Yesterday, the Associated Press reported MLB Chief Operating Officer Rob Manfred testified, during the Alex Rodriguez arbitration hearing, baseball did not concern itself if Biogenesis founder Tony Bosch distributed illegal substances to minors and was only interested in possible criminal activity involving players. Today, Manfred called the report "ridiculous" telling Tom Haudricourt of the Milwaukee Journal Sentinel his testimony was "totally out of context and mischaracterized" and accused the A-Rod camp of leaking the story. "The larger point is this: From our perspective, one of the reasons we pursue cases like the A-Rod case is we think players should be role models for kids," Manfred explained to Haudricourt. "It's almost comical that A-Rod, who already has admitted in the past he used steroids, would express an opinion on our stance on children and PEDs." The hearing will resume next month. In other news and notes from the American League:

  • Mike Napoli's strong postseason is further proof his avascular necrosis is not an issue as he enters free agency for the second time, reports MLB.com's Lindsay Berra. Napoli was frustrated by having to settle for a one-year, $5MM deal (incentives pushed the eventual value to $13MM) after a three-year, $39MM contract was scrapped because of the AVN diagnosis. "I waited seven years for free agency and then got an opportunity, and it got taken away because of something I didn't even know I had and had never had any pain from," said Napoli. "I'm a little more confident about negotiating a contract now that I've shown all year that my hips aren't an issue, but I'm sure I'm going to have to go through all the steps again, with all the MRIs and talking to doctors."
  • There are six questions the Tigers must answer this offseason, writes MLive.com's Chris Iott. Among the answers, Iott predicts Jim Leyland will return as manager, the Tigers will not re-sign Jhonny Peralta (despite his desire to remain in Detroit), but will re-sign Joaquin Benoit and Omar Infante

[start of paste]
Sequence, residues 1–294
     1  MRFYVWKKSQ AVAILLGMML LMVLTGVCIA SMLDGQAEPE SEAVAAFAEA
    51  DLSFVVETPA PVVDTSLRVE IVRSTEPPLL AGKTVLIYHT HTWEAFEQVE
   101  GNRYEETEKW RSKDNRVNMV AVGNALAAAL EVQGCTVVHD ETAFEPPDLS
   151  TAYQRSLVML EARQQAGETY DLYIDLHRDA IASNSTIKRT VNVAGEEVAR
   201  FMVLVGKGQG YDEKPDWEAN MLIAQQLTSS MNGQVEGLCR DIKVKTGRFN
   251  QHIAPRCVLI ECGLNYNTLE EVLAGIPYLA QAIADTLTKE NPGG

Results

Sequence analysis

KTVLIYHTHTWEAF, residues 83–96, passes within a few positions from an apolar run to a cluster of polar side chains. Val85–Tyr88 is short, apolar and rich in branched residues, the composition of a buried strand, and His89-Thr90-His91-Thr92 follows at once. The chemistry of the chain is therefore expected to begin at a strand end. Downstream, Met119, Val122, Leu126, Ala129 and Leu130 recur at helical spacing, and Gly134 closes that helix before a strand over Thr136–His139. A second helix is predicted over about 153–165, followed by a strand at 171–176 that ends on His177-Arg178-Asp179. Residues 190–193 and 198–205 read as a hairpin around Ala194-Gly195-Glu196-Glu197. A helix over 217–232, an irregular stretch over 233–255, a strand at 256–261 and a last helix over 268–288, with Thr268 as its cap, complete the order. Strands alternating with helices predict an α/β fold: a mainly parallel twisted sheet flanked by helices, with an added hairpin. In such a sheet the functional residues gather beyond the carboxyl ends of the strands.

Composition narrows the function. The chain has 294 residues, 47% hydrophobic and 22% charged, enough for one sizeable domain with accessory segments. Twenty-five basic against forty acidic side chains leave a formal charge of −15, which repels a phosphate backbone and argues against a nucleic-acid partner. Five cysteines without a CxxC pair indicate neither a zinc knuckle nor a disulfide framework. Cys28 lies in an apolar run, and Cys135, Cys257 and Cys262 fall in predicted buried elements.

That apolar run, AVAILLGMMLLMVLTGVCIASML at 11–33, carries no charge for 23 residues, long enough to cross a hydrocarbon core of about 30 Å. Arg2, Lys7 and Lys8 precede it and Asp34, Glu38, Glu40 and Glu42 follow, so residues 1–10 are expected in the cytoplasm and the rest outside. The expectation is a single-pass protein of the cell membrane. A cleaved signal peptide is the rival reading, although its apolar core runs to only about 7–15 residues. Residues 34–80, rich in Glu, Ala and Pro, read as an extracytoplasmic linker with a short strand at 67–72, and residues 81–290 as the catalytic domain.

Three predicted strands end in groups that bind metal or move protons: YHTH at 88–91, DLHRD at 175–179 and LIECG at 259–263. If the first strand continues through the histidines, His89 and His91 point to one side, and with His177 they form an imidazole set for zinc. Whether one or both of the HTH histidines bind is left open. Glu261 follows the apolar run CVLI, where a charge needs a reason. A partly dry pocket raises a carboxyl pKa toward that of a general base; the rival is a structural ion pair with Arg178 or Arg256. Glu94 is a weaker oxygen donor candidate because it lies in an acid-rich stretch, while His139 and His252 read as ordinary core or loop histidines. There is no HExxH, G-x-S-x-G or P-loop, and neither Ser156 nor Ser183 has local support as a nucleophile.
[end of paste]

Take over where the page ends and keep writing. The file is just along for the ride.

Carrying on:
• The Orioles don't have a lot of inventory to deal this winter after trading away six players in midseason acquisitions, writes Rich Dubroff of CSNBaltimore.com. Zach Britton, Brian Matusz, and Steve Johnson head the list of tradeable players, according to Dubroff.
  • Nolan Ryan left his imprint on the Rangers, especially the pitching staff, with his attitude and focus on conditioning, opines Evan Grant of the Dallas Morning News.
  • Ryan received a $10MM buyout (his ownership stake plus incentives) when he announced his retirement from the Rangers, Grant reports in separate article. However, according to Forbes, Ryan wound up losing money on his ownership investment. Ryan's original equity interest was valued at $13MM (6% ownership); but, dwindled to $7MM (1% ownership) because he declined to participate in various cash calls to cover his share of the losses the franchise incurred.

AL East Notes: Blue Jays, Ellsbury, Britton

Brett Cecil enjoyed a breakout season in his new role as a reliever in 2013, but the Blue Jays were so desperate for pitching that they almost moved him back into the rotation this summer, GM Alex Anthopoulos said on Prime Time Sports radio with Bob McCown of SN590 (via Sportsnet's Ben Nicholson-Smith). Anthopoulos also added that the team hasn't considered moving the injury-prone Brandon Morrow to the bullpen, nor have the Jays made a decision regarding Josh Johnson's future. Here's more on the Blue Jays and the rest of the AL East…

  • Nicholson-Smith also runs down the Blue Jays' current contractual commitments, noting that Anthopoulos has the team's core in place long enough to target a sustained run. He quotes Anthopoulos as saying that Blue Jays never completely rule out trade discussions for any player — a familiar refrain from the Toronto GM.
  • Jacoby Ellsbury's strong ALDS performance is boosting his already-strong free agent stock, writes WEEI.com's Rob Bradford. Bradford points out that despite the small sample nature of the playoffs, players such as Derek Lowe, John Lackey, Marco Scutaro and Carlos Beltran have all padded their free agent contracts thanks to strong postseason showings in past years.